• By Ken Perrotte

Virginia Youngsters Dialed In at 4-H Tourney; Shooters Claim National Championship

Updated: Feb 22, 2020

The Virginia 4-H shotgun development team brought the fireworks to the organization’s national championships in Grand Isle, Nebraska, winning both the Skeet and Trap rounds and finishing in first place overall to earn the title "National Champions."

Texas took second overall followed by Louisiana in the 30-team field featuring 117 shooters.

Mattison Russell, age 16, of Mecklenburg County placed third overall in individual honors with a score of 2.9045.

A “modified percentage point” scoring system that helps equalize point differences between events is used at the nationals for both high team and overall individual honors.

Grayson Melton, 18, of Powhatan County placed fifth overall, while Nottoway County’s Walker Coleman, 17, took seventh with 2.8331. Appomattox County resident Charlie Maddox, 15, finished 19th overall.

The Virginians took first in the competition’s skeet round with a score of 289, narrowly besting Texas by two targets.

The Virginia youngsters showed why they are shooters you would want by your side in any duck blind or dove field. Their first-place finish in the trap competition saw them bust 290 of 300 targets, easily besting Colorado, Louisiana and West Virginia and their three-way tie of 284. Walker Coleman and Mattison Russell led the way with scores of 97. Grayson Melton shot a 96, while Charlie Maddox had a 92. Coleman finished 3rd overall after busting 10 of 10 in a shoot-off tiebreaker.

Texas won the first day’s sporting clays round, which most closely approximates hunting scenarios, with a score of 268, followed by Virginia with 260. Grayson Melton was Virginia’s top shooter in that round, firing an 88. Russell and Coleman each shot 86. Maddox had a 71.

Virginia’s consistently high performance is what gave the team to overall national crown. Coach Jinx Baney of Brodnax, a retired Brunswick County extension agent, said, "This accomplishment shows that we not only have outstanding youth in our Virginia 4-H Program, but also outstanding shotgun shooters.”

Baney said Virginia last sent a shotgun team to the 4-H Nationals in 2013. States with 4-H shooting sports programs can field teams for the nationals but sending them to Nebraska for a week can be expensive and 4-H requires at least two adult coaches accompany each team.

“During the last 5 years, many other outstanding Virginia shotgun shooters missed out on this amazing experience because no adults volunteered to take a team,” Baney said. “David Maddox, this year's assistant coach, has already made a commitment to take a team in 2020. Hopefully, the Virginia 4-H Shooting Education Program will be able to keep the ball rolling and have more teams in all disciplines in the future."

Archers Compete for First Time

This was the first time Virginia sent an archery team to the nationals, with two King George Country girls and two Augusta County boys comprising the compound archery squad.

The young team consisted of Anna Ackerman, 15; Alexis Loughner, 16; Ethan Avery, 15; and Hunter Campbell, 15. Alan Campbell served as coach with Bob Ackerman assistant coach.

Virginia’s compound archery team finished 13th overall in a 24-team field. Missouri was the overall winner.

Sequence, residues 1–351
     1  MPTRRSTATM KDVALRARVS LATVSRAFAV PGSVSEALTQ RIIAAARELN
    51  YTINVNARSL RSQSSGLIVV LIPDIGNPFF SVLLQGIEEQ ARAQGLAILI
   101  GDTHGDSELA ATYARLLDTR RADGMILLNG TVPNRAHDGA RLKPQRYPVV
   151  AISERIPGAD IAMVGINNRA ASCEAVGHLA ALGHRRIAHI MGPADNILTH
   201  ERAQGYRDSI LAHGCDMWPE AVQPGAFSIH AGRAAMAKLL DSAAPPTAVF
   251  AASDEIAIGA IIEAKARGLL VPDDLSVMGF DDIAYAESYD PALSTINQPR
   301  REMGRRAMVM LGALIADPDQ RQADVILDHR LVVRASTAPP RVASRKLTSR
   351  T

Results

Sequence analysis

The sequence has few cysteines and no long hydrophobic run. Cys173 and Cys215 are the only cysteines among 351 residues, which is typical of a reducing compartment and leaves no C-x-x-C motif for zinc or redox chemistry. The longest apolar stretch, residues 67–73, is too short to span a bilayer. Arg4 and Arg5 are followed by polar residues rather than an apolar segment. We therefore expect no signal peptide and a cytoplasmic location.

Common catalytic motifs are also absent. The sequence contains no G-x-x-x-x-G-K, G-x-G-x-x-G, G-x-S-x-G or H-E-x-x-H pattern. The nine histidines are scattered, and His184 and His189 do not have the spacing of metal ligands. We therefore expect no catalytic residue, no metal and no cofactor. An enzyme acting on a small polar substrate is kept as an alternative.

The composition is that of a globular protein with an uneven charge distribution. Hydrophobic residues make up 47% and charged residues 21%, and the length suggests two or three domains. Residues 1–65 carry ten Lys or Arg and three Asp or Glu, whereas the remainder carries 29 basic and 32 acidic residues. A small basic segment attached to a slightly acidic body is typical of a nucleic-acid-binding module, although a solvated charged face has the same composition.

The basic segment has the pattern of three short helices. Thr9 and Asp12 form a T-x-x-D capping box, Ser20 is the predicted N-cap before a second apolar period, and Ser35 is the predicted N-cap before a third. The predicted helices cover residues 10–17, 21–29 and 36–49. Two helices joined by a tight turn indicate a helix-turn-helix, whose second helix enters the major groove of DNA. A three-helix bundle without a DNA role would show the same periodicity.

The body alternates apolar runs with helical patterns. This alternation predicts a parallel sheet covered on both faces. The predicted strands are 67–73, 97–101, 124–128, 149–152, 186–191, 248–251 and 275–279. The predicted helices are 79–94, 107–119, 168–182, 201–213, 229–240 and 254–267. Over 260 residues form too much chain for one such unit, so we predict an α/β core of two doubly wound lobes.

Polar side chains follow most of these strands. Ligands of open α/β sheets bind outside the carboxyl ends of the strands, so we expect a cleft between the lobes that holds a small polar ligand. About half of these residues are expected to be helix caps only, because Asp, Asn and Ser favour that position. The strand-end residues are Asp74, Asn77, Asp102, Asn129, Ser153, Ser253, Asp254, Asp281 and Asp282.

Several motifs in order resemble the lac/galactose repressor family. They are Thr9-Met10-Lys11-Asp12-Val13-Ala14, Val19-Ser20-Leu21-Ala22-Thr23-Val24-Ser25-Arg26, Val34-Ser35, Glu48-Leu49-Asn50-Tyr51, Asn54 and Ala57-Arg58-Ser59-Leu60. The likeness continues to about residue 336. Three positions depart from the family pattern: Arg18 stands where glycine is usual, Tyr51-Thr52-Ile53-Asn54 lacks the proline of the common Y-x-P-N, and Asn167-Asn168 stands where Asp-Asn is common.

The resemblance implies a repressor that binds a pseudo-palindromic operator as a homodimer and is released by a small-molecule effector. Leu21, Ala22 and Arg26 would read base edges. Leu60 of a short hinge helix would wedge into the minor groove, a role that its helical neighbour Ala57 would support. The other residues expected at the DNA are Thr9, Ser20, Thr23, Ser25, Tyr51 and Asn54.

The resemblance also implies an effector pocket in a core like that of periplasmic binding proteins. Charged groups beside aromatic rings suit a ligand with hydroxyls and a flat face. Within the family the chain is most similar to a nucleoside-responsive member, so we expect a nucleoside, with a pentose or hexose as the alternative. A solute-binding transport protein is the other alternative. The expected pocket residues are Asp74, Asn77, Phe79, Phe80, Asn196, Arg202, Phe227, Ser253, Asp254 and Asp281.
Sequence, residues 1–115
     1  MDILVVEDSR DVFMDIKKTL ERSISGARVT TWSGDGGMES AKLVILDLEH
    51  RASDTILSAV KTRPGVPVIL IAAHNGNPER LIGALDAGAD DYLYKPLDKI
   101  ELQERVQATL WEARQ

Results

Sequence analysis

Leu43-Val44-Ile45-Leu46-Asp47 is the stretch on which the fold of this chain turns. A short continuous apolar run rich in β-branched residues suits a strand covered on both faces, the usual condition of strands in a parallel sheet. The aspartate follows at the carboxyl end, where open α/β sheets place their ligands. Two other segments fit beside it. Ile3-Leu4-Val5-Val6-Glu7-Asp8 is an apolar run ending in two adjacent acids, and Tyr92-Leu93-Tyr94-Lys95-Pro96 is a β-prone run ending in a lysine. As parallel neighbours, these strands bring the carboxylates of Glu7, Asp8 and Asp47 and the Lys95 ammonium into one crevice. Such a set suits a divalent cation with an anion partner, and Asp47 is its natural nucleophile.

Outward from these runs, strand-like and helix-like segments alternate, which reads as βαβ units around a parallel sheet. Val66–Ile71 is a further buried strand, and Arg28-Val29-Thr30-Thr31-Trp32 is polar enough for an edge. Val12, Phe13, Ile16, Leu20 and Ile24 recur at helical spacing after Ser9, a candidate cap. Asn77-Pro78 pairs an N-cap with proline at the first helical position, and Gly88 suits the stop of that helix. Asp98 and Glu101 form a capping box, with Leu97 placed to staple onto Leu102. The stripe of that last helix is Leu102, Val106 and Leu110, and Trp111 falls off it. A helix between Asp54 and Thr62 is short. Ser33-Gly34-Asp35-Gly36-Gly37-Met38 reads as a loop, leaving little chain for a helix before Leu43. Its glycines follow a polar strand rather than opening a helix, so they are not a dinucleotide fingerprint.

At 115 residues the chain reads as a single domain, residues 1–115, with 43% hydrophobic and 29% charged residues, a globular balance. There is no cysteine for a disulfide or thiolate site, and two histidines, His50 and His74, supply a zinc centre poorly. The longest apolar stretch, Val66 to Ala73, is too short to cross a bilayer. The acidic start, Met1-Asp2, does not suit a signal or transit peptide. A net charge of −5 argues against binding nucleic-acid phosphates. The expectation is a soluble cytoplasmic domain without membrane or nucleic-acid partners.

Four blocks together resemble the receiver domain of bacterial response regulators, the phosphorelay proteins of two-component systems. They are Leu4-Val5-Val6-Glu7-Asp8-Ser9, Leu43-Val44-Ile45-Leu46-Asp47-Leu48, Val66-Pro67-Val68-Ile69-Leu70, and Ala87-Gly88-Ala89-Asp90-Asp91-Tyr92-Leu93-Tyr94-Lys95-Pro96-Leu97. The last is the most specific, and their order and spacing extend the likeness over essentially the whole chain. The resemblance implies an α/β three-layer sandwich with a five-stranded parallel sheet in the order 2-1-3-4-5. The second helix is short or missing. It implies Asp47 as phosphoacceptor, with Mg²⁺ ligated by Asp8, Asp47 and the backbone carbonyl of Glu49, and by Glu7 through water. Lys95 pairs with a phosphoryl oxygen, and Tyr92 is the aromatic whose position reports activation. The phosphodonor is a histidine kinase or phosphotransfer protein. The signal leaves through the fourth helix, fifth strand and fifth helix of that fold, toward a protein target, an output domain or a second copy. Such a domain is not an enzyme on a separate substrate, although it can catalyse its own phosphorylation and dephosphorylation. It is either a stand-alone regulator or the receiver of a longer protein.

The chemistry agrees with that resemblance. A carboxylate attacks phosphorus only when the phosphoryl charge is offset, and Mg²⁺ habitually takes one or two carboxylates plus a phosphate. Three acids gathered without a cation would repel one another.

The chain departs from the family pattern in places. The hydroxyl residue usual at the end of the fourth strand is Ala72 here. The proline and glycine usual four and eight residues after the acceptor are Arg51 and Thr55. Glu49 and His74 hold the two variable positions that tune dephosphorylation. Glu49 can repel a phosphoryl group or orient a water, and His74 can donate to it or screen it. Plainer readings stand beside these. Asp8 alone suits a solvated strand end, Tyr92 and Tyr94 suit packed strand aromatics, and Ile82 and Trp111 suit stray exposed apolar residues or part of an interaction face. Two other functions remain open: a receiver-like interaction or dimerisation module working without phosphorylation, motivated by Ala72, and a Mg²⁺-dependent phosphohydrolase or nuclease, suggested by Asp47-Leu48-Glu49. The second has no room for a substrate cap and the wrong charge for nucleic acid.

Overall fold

Avery had Virginia’s highest overall individual finish, placing 40th out of 104 shooters with a score of 2.6010. The next highest Virginia score was Campbell with a 2.5558. He finished 50th, closely followed by Loughner, 16, who placed 52nd with a score of 2.5448. Ackerman, 16, rounded out the team’s scoring with a 2.3485, good for 72nd place.

The archery team finished 14th in the first day’s FITA round, which was won by Missouri. A FITA round consists of shooting from four different distances. Loughner was Virginia’s top archer in that round, scoring 650 points and finishing 47th in the 104-shooter field. Ackerman shot a 643, good for 54th.

Day two saw the youngsters shooting a “Field” round, which involves shooting at targets of different sizes or shapes at varying distances. The terrain is often uneven or wooded.

New Mexico won that round. Virginia finished 16th. Ethan Avery led Virginia with a 25th place individual finish and a 233 score. Loughner had a 225, good for 40th place. Team members Hunter Campbell shot a 195, while Ackerman recorded a 187. Her father Bob said the second day saw tough shooting conditions with strong, sustained winds and gusts sometimes blowing arrows off the bows’ rests.

In the final 3-D archery round, Virginia finished in 10th place with a score of 691, led by Hunter Campbell who fired a 251 score, good enough for a 25th place individual finish. Missouri also won that round with a 777. Avery with a 227, Loughner at 213 and Ackerman at 202 rounded out Virginia’s scoring.

A 3-D range usually includes life-size targets of animals, positioned to mimic scenarios bowhunters face in the field.

#4Hshooting #4Harchery

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© 2017-2020 Kmunicate Worldwide LLC, All Rights Reserved. Outdoors adventures, hunting, fishing, travel, innovative wild game and fish recipes, gear reviews and coverage of outdoors issues. Except as noted, all text and images are by Ken Perrotte (Outdoors Rambler (SM). Some items, written by Ken Perrotte and previously published elsewhere, are revised or excerpted under provisions of the Fair Use Doctrine


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